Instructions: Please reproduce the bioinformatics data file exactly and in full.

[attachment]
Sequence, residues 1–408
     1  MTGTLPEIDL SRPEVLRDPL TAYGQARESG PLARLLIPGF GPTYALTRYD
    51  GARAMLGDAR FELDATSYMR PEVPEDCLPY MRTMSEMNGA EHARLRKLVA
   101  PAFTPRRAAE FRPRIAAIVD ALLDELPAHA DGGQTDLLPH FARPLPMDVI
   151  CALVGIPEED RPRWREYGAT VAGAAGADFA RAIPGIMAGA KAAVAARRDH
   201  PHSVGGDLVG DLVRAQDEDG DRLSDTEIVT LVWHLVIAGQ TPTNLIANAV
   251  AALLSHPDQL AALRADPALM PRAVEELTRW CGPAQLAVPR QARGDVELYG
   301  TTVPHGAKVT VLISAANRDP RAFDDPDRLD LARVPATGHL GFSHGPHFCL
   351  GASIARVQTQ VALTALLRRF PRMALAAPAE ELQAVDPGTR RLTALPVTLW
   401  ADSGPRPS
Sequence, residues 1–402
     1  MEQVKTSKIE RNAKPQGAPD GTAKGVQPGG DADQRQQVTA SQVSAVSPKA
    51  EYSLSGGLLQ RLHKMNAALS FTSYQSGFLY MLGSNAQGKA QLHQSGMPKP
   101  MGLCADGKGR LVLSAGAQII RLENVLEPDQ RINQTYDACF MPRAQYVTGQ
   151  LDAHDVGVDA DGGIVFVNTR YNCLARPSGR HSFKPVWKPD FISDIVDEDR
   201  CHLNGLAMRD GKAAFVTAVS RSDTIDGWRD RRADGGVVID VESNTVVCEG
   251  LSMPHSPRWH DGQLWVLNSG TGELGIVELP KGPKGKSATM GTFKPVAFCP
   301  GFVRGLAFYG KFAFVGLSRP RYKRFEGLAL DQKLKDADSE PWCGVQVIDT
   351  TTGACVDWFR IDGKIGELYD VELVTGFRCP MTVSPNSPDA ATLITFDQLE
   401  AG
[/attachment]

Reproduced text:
Sequence, residues 1–408
     1  MTGTLPEIDL SRPEVLRDPL TAYGQARESG PLARLLIPGF GPTYALTRYD
    51  GARAMLGDAR FELDATSYMR PEVPEDCLPY MRTMSEMNGA EHARLRKLVA
   101  PAFTPRRAAE FRPRIAAIVD ALLDELPAHA DGGQTDLLPH FARPLPMDVI
   151  CALVGIPEED RPRWREYGAT VAGAAGADFA RAIPGIMAGA KAAVAARRDH
   201  PHSVGGDLVG DLVRAQDEDG DRLSDTEIVT LVWHLVIAGQ TPTNLIANAV
   251  AALLSHPDQL AALRADPALM PRAVEELTRW CGPAQLAVPR QARGDVELYG
   301  TTVPHGAKVT VLISAANRDP RAFDDPDRLD LARVPATGHL GFSHGPHFCL
   351  GASIARVQTQ VALTALLRRF PRMALAAPAE ELQAVDPGTR RLTALPVTLW
   401  ADSGPRPS
Sequence, residues 1–402
     1  MEQVKTSKIE RNAKPQGAPD GTAKGVQPGG DADQRQQVTA SQVSAVSPKA
    51  EYSLSGGLLQ RLHKMNAALS FTSYQSGFLY MLGSNAQGKA QLHQSGMPKP
   101  MGLCADGKGR LVLSAGAQII RLENVLEPDQ RINQTYDACF MPRAQYVTGQ
   151  LDAHDVGVDA DGGIVFVNTR YNCLARPSGR HSFKPVWKPD FISDIVDEDR
   201  CHLNGLAMRD GKAAFVTAVS RSDTIDGWRD RRADGGVVID VESNTVVCEG
   251  LSMPHSPRWH DGQLWVLNSG TGELGIVELP KGPKGKSATM GTFKPVAFCP
   301  GFVRGLAFYG KFAFVGLSRP RYKRFEGLAL DQKLKDADSE PWCGVQVIDT
   351  TTGACVDWFR IDGKIGELYD VELVTGFRCP MTVSPNSPDA ATLITFDQLE
   401  AG